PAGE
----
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Announcing the winners of our 2017-2018 Concerto Competition

December 27, 2017

 

For the first time in 20 years, a bassoonist has won the Mead Witter School of Music’s concerto competition and will perform solo on stage on March 18, 2018 in our annual “Symphony Showcase” winners’ recital.

Bassoonist Eleni Katz will play Mozart’s Bassoon Concerto in B flat major, K. 191 with the UW-Madison Symphony Orchestra, conducted by Chad Hutchinson. Eleni, a student of Professor Marc Vallon, graduates this spring with a bachelor’s of music degree in bassoon performance.

She will join three other soloists on stage: Kaleigh Acord, violin, a doctoral student of Professor Soh-Hyun Altino; Aaron Gochberg, percussion, an undergraduate student of Professor Anthony Di Sanza; and Eric Tran, piano, a doctoral student of Professor Christopher Taylor.

In addition, the winner of the composition competition, doctoral student Mengmeng Wang, will have her work, “Blooming,” premiered by the symphony. Mengmeng studies with Professors Laura Schwendinger (composition) and Daniel Grabois (electronic music) of the School of Music and Professor Joseph Koykkar (composition) of the Dance Department.

The program will open with Leonard Bernstein’s Overture to Candide. “A dashing overture in … a shapely sonata form with points of canonic imitation and a sparkling Rossini crescendo to close.” —  John Henken.

The School of Music’s annual “Symphony Showcase” concert is a perennial crowd-pleaser that combines the joy of youthful accomplishment with the beauty of live music. The community is invited to attend and remain afterwards for a free reception in the lobby of Mills Hall. We will see you on March 18!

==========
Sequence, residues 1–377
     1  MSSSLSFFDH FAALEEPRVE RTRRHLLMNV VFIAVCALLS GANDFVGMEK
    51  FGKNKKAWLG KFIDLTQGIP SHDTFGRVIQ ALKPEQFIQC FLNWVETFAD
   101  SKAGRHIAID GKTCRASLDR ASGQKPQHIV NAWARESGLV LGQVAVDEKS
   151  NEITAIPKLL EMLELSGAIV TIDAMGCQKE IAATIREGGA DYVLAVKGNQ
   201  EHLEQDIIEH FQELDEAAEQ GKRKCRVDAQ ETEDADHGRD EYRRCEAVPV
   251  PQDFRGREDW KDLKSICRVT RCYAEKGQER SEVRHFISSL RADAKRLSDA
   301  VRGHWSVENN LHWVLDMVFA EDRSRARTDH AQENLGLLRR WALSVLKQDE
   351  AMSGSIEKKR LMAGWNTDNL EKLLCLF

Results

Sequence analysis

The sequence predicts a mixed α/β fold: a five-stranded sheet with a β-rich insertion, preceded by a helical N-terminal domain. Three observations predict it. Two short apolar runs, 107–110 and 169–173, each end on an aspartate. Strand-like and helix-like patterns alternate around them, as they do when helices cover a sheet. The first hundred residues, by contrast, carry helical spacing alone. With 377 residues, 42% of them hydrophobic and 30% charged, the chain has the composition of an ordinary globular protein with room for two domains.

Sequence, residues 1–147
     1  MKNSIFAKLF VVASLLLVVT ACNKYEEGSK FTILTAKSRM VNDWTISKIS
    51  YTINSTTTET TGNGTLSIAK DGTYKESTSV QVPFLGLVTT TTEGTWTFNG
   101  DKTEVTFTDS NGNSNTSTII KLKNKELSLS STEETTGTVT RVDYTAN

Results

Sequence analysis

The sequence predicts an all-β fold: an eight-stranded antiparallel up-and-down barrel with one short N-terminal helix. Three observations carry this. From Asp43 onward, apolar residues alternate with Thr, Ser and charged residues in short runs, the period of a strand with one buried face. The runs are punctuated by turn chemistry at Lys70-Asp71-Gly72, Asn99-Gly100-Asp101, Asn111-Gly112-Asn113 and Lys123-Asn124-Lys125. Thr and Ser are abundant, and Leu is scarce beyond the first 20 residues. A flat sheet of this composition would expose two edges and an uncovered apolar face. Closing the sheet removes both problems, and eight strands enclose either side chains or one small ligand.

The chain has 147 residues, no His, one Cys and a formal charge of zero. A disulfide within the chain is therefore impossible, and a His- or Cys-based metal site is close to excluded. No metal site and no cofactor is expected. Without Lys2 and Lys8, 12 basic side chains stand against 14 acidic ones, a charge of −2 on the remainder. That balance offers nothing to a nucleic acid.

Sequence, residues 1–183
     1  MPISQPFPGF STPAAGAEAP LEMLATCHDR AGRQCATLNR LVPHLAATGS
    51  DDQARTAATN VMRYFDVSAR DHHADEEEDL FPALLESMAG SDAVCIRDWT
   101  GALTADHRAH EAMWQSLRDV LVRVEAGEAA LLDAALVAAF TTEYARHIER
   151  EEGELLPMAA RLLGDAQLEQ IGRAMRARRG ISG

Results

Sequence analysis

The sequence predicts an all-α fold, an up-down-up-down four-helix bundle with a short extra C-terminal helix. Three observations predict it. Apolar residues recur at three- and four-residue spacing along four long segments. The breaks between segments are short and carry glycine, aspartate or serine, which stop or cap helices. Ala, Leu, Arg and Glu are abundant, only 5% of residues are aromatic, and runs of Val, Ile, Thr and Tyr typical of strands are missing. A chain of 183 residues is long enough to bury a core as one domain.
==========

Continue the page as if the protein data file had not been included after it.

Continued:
$10 adults, free to all students and children.

Ticket information here.


 

Kaleigh Acord, violin

Beethoven, Concerto for Violin and Orchestra in D major, Op. 61, movement 1

Kaleigh Acord. Photograph by Michael R. Anderson.

Violinist Kaleigh Acord hails from Fairfax Station, Virgina and is now pursuing a doctorate of musical arts at University of Wisconsin-Madison’s Mead Witter School of Music. There, she is a student of Soh-Hyun Park Altino and a recipient of the Paul Collins Fellowship. She holds a graduate performance diploma from the Peabody Institute in Baltimore, as well as a master’s of music and an undergraduate diploma from the Longy School of Music of Bard College in Cambridge, Massachusetts. Her previous teachers include Violaine Melancon and Laura Bossert. At Longy, Kaleigh served three years as Ms. Bossert’s teaching assistant, and received both the Margaret Rohde Award for Excellence in Solfege and Theoretical Studies, and the Roman Totenberg Award for Highest Academic and Artistic Achievement. An avid chamber musician, Kaleigh has spent her summers at music festivals including Bowdoin International Music Festival, Kent/Blossom Music, the Garth Newel Chamber Music Fellowship Program, Lyricafest, and the Charles Castleman’s Quartet Program. She made her solo radio debut on WQXR’s McGraw Hill Financial Young Artist Showcase in March 2014.

Aaron Gochberg, percussion

Keiko Abe, Prism Rhapsody

Percussionist Aaron Gochberg, an Oregon, Wisconsin native, is completing his fourth year of undergraduate study under Professor Anthony Di Sanza, a program which has presented him with opportunities to perform in Carnegie Hall, the Overture Center, and the Wisconsin Union Theater’s Shannon Hall, as well as to tour Beijing and Shenyang, China. In 2016, Aaron was a Performance Fellow at the nief-norf Summer Festival, where he performed, premiered, and recorded numerous works by both new and established composers. He has collaborated with artists and ensembles such as Sō Percussion, Clocks in Motion, Sound out Loud, Juan de Marcos Gonzalez, Acoplados Latin Jazz Project, the Wisconsin Collegiate All Star Percussion Ensemble, and he continues to seek shared experiences with performers from around the world.

Aaron Gochberg